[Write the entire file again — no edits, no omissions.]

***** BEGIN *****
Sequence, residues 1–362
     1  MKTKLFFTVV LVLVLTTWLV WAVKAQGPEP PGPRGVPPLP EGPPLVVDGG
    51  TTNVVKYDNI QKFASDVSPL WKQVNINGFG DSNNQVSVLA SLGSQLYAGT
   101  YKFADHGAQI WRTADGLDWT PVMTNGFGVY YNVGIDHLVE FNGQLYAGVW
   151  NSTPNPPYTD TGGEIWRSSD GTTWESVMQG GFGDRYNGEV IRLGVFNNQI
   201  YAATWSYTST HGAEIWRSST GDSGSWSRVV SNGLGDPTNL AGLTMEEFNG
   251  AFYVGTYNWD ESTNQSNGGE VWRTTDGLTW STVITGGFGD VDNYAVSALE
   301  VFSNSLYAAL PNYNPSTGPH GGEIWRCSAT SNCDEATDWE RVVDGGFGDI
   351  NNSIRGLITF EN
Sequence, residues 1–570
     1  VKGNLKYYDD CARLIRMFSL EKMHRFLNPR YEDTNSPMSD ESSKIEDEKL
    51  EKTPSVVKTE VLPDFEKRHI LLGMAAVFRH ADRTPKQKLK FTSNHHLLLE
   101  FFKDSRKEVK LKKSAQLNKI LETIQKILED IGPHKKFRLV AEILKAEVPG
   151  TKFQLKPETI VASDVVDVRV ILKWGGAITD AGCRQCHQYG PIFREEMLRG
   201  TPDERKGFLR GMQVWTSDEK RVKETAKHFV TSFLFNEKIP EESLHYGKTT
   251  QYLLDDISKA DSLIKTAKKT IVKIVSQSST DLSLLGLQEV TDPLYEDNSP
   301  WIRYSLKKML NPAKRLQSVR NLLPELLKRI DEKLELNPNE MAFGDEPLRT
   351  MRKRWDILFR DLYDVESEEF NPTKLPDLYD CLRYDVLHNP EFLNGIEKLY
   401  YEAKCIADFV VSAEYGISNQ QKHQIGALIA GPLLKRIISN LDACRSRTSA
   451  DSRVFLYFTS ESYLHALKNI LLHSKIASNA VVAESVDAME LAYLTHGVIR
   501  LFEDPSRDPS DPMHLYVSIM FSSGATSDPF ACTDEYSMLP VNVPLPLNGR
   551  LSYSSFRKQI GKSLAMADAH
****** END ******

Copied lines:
Sequence, residues 1–362
     1  MKTKLFFTVV LVLVLTTWLV WAVKAQGPEP PGPRGVPPLP EGPPLVVDGG
    51  TTNVVKYDNI QKFASDVSPL WKQVNINGFG DSNNQVSVLA SLGSQLYAGT
   101  YKFADHGAQI WRTADGLDWT PVMTNGFGVY YNVGIDHLVE FNGQLYAGVW
   151  NSTPNPPYTD TGGEIWRSSD GTTWESVMQG GFGDRYNGEV IRLGVFNNQI
   201  YAATWSYTST HGAEIWRSST GDSGSWSRVV SNGLGDPTNL AGLTMEEFNG
   251  AFYVGTYNWD ESTNQSNGGE VWRTTDGLTW STVITGGFGD VDNYAVSALE
   301  VFSNSLYAAL PNYNPSTGPH GGEIWRCSAT SNCDEATDWE RVVDGGFGDI
   351  NNSIRGLITF EN
Sequence, residues 1–570
     1  VKGNLKYYDD CARLIRMFSL EKMHRFLNPR YEDTNSPMSD ESSKIEDEKL
    51  EKTPSVVKTE VLPDFEKRHI LLGMAAVFRH ADRTPKQKLK FTSNHHLLLE
   101  FFKDSRKEVK LKKSAQLNKI LETIQKILED IGPHKKFRLV AEILKAEVPG
   151  TKFQLKPETI VASDVVDVRV ILKWGGAITD AGCRQCHQYG PIFREEMLRG
   201  TPDERKGFLR GMQVWTSDEK RVKETAKHFV TSFLFNEKIP EESLHYGKTT
   251  QYLLDDISKA DSLIKTAKKT IVKIVSQSST DLSLLGLQEV TDPLYEDNSP
   301  WIRYSLKKML NPAKRLQSVR NLLPELLKRI DEKLELNPNE MAFGDEPLRT
   351  MRKRWDILFR DLYDVESEEF NPTKLPDLYD CLRYDVLHNP EFLNGIEKLY
   401  YEAKCIADFV VSAEYGISNQ QKHQIGALIA GPLLKRIISN LDACRSRTSA
   451  DSRVFLYFTS ESYLHALKNI LLHSKIASNA VVAESVDAME LAYLTHGVIR
   501  LFEDPSRDPS DPMHLYVSIM FSSGATSDPF ACTDEYSMLP VNVPLPLNGR
   551  LSYSSFRKQI GKSLAMADAH